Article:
Bollywood movie star Waheeda Rehman helps the Pratham charity organization raise an impressive $100,000, which will help educate 10,000 Indian children.Buena Park, California, June 2003 - Celebrity Movie Star Waheeda Rehman, a legend in the Indian Community for her extraordinary talent and timeless beauty, visited the Pratham Gala Fundraiser to promote her vision of educating the slum dwelling children in India.
While playing in over 70 film roles during her successful career, Ms. Rehman is understandably most passionate about her real life role as the goodwill ambassador of Pratham. Southern California, home to one of the largest Indian communities outside of India, is one of many stops the movie icon has made in the United States. She aspires to earn nationwide support to help turn her vision into a reality.
Nearly 400 people gathered at the Sequoia Center Ballroom in Buena Park to support Prathams nobel mission of providing universal primary education in India. While a great energy existed among the attendees during the first half of the event, the mood in the ballroom took on a whole new dynamic once Waheeda Rehman was presented to speak.
The energy was instantly intensified and was accompanied by a sea of mesmerized onlookers, awestruck by the classic Indian beauty. Not even a minute passed before the paparazzi - aka shameless fans that wanted to snag a snapshot of the star - rushed the stage during Ms. Rehmans speech. However, personifying grace and dignity, the actress did not reveal any signs of agitation amidst the plethora of camera flashes erupting in her face.
In spite of all the attention she received at the fundraising event, it was clearly evident through Ms. Rehmans demeanor and words that she did not want the spotlight on herself, but rather on the great cause of the evening. Children are the future of India, the star emphatically proclaimed, indicating why Prathams mission is indispensable to the welfare of...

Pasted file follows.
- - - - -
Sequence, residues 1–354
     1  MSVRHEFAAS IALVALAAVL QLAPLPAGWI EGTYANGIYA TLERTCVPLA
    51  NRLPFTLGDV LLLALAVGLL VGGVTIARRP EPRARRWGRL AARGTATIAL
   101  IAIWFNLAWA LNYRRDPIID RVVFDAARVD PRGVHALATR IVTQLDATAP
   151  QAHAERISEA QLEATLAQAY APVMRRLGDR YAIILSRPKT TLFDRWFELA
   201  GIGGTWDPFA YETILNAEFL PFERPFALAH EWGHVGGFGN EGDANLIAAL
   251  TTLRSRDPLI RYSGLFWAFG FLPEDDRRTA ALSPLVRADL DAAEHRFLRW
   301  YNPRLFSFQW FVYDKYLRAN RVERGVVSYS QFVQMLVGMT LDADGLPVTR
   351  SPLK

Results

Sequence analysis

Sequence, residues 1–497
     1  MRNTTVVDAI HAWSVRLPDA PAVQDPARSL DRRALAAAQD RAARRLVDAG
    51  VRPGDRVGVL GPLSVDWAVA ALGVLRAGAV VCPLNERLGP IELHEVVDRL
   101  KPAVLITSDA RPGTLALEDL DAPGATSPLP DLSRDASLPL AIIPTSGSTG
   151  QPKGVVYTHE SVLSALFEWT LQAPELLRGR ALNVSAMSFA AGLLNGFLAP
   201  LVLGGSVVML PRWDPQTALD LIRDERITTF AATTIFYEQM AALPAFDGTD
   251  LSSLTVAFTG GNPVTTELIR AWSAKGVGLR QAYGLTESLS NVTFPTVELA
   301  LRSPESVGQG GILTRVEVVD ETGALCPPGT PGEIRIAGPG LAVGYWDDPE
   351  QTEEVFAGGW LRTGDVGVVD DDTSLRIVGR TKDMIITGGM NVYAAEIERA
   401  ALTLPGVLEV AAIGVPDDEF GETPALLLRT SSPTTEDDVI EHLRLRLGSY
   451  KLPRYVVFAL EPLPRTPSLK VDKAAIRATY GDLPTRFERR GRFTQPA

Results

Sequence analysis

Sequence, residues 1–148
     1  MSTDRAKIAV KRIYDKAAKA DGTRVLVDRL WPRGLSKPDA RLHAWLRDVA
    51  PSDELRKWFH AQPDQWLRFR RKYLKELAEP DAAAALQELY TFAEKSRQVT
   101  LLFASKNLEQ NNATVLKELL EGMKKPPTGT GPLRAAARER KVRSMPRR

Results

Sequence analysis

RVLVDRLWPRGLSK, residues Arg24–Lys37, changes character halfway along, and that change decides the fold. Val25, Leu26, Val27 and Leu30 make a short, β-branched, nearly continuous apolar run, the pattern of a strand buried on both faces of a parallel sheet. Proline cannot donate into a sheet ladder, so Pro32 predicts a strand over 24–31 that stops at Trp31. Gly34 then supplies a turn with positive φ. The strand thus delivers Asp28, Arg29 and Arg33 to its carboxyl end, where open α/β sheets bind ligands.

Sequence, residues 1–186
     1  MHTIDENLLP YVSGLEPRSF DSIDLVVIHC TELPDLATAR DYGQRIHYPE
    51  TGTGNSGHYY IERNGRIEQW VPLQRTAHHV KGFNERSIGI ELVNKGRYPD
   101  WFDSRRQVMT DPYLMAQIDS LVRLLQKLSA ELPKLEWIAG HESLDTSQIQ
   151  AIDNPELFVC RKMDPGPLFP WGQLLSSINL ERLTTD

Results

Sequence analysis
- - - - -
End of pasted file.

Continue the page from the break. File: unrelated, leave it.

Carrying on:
The Emmy-award winning documentary Of Civil Wrongs and Rights: The Fred Korematsu Story , is a look back at Korematsu's long ordeal to achieve personal justice.
The matter seemed lost to the history books until 1981, when Peter Irons, a law professor writing a book about the internment, and Aiko Yoshinaga-Herzig, a Japanese American on a quest to find out why she'd been interned as a teenager, happened upon a wartime memo from a Department of Justice lawyer. The memo showed that crucial evidence had been withheld by federal prosecutors in the Korematsu case, including military reports concluding that Japanese Americans did not pose a serious threat to U.S. security.
Peter Irons knew he found a "smoking gun," and tracked down Korematsu and the other two resisters- Gordon Hirabayashi and Minoru Yasui-- to ask about reopening their cases. Irons contacted noted civil rights attorney Dale Minami, who assembled a team of lawyers--mostly Asian American, who worked countless hours pro bono.
Recalls Minami, "Peter Irons called me in May of 1982 and told me about the evidence he had found. I had read these cases in law school, but for me they were taught as intellectual exercises about the balance of rights and due process. At that time Korematsu vs United States was not linked to human tragedy, loss of homes, broken dreams, or financial losses of income that people suffered. I called my colleague Don Tamaki at the Asian Law Caucus, a community interest law firm that I helped start, and disclosed the nature of the evidence. A number of attorneys I was working with had already been lobbying for redress for Japanese Americans. All of them were stunned at the evidence and were blown away that we might be able to reopen the cases. We had the smoking gun-the things that lawyers talk about, the thing that lawyers love. We worked in secrecy because we didn't want any documents to "accidentally" disappear from the archives.
Minami, as coordinating...